During his general audience, Pope Francis reflected on the importance of gratitude in prayer. The healing of the ten lepers by Jesus is an example.
Wednesday, December 30, 2020
Continuing his series of catechesis on prayer, Pope Francis, during his general audience this week, dwelt upon the importance of gratitude in prayer, which he said makes the world better and brings hope.
The Ten Lepers
As a case in point, he took the episode of the healing of the ten lepers in the Gospel of Luke. The ten not only suffered physically but also from social and religious marginalization. “However, Jesus did not back off from meeting them. Sometimes, He surpassed the limitations imposed by the law and touched, embraced and healed the sick person. However, in this case, there was no contact”:
He heard their prayer, their cry for mercy, and sent them to the priests who were designated by law to certify their healing and re-admit them to normal life. But on their way, when they found themselves healed, only one returned to thank Jesus and praise God before proceeding to the priests. That man was a Samaritan, a sort of “heretic” for the Jews of that time. And Jesus comments: “Was no one found to return and give praise to God except this foreigner?” (17:18).
Grace precedes thanksgiving
This episode, the Pope said, “divides the world in two: those who do not give thanks and those who do; those who take everything as if it is owed them, and those who welcome everything as a gift, as grace.” The Catechism says, “Every event and need can become an offering of thanksgiving.” Hence, the Pope said, the prayer of thanksgiving always begins with recognizing that “grace precedes us”. “We were thought of before we learned how to think; we were loved before we learned how to love; we were desired before our hearts conceived a desire.” “If we view life like this,” he pointed out, “then ‘thank you’ becomes the driving force of our day.”
Gift of life
Pope Francis then explained that the word “Eucharist,” the most essential Sacrament, is derived from the Greek word, which means thanksgiving. And Christians, as all believers, bless God for the gift of life. “All of us are born because someone wanted us to have life. And this is only the first of a long series of debts that we incur by living. Debts of gratitude.” After God, educators, catechists and others “gazed on us with pure eyes and carried out their roles above and beyond what was required of them. They provoked us to be grateful. Even friendship is a gift for which we should always be grateful.”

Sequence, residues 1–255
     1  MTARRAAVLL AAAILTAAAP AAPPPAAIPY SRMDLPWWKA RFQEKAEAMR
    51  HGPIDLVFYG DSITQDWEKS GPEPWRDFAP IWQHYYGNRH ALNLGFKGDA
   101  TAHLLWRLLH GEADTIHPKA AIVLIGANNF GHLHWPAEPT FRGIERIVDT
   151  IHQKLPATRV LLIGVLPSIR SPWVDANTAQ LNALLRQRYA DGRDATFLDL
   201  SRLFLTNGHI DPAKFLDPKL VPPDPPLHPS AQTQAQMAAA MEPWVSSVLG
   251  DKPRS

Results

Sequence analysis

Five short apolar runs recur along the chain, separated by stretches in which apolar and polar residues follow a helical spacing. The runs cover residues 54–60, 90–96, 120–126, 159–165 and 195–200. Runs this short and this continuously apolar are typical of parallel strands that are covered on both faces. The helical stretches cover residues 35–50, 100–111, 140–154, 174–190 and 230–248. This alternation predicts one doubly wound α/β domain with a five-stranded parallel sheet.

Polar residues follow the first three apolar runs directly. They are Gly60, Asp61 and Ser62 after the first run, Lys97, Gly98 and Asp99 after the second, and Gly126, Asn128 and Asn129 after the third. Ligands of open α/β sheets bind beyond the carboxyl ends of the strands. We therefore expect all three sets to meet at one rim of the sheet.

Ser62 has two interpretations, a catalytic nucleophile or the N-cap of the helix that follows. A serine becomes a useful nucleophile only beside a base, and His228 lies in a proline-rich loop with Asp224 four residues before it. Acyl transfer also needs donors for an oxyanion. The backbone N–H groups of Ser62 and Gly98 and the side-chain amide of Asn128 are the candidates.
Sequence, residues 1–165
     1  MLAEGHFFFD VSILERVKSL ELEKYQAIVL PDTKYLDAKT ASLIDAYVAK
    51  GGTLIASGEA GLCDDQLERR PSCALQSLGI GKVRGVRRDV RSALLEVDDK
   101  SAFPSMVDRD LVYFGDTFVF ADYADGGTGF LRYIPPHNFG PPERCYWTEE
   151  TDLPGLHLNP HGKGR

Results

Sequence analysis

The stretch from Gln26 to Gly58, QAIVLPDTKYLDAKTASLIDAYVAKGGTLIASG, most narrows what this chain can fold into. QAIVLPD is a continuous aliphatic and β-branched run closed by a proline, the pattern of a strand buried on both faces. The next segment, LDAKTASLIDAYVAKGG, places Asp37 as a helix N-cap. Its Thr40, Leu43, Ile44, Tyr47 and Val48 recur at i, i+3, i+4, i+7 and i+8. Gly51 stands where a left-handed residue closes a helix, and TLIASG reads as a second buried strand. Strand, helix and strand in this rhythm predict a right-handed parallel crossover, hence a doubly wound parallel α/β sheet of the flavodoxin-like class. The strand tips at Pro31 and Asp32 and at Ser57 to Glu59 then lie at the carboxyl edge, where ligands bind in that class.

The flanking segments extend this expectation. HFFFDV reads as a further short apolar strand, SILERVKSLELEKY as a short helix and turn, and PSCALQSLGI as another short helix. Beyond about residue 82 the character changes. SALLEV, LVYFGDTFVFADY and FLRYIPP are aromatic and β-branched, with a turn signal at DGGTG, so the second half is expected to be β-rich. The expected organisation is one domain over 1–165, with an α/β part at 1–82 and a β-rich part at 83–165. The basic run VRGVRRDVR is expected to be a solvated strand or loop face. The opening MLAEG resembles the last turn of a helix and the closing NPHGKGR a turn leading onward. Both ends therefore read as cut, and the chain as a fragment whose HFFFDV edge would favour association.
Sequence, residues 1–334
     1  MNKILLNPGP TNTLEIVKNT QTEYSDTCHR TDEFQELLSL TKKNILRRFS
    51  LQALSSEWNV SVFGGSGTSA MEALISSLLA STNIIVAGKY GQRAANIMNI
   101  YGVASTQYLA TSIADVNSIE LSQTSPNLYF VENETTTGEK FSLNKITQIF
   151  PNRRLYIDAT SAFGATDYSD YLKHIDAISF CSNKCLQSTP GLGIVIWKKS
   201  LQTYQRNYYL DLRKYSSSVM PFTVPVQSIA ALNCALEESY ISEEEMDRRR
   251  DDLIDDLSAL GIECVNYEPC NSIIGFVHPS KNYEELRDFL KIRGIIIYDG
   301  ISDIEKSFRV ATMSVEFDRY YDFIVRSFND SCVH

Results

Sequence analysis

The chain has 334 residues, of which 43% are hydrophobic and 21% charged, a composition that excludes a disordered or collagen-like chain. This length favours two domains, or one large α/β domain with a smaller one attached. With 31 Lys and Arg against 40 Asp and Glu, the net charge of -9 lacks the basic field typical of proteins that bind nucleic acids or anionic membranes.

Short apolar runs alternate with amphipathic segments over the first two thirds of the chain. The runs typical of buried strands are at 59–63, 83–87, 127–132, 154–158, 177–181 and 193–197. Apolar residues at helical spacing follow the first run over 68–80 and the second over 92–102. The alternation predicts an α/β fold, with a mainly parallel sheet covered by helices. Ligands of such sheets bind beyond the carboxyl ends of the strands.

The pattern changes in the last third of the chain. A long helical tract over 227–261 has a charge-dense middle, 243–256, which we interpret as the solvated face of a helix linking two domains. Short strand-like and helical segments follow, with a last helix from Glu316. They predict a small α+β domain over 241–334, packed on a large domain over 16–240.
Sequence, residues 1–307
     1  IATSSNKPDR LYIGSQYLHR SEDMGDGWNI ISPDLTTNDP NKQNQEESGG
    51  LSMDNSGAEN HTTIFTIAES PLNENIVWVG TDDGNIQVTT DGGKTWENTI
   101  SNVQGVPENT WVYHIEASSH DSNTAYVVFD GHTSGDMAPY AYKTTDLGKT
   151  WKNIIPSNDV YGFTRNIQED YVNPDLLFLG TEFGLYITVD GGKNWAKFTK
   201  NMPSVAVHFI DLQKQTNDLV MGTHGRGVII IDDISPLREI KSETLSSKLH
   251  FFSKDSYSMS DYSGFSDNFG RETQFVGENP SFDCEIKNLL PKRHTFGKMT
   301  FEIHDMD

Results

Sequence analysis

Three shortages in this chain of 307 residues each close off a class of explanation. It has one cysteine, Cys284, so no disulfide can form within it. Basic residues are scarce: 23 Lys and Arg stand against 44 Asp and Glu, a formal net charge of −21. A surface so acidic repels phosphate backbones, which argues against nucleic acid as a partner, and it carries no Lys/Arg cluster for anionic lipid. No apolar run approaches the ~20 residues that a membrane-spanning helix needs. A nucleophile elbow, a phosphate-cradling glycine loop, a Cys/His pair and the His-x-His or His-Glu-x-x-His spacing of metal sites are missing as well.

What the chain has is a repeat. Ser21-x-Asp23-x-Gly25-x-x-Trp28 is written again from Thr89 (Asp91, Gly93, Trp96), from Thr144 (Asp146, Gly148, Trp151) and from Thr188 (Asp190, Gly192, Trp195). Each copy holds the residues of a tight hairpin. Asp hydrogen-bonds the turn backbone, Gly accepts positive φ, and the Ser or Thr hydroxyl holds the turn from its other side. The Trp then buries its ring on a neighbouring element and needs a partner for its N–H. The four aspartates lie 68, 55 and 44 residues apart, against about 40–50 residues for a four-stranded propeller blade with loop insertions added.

Love begets gratitude
Continuing his catechesis, the Pope said that this “gratitude” grows in meeting Jesus. Jesus often provoked joy and praise to God in those whom He met. We too are called to participate in this immense jubilation as the episode of the ten lepers points out. They were happy for recovering their health, which allowed them to “end that unending forced quarantine that excluded them from the community”.
The joy of encountering Jesus
However, only one among them experiences an “additional joy” in his healing. “He rejoices at meeting Jesus. He now is certain of being loved.” And this is the crux of the matter. It is the discovery of love as the force that governs the world, the Pope said, quoting the Italian poet Dante. For Christians, the Pope said, “this means we have a home, we dwell in Christ, and from that ‘dwelling’ we contemplate the rest of the world which appears infinitely more beautiful to us.
The Holy Father, thus, urged Christians to seek to remain always in the joy of encountering Jesus, never forgetting to give thanks. “If we are bearers of gratitude,” he said, “the world itself will become better, even if only a little bit, but that is enough to transmit a bit of hope.” “Everything is united and connected, and everyone needs to do his or her part wherever we are.”
By Vatican News staff writer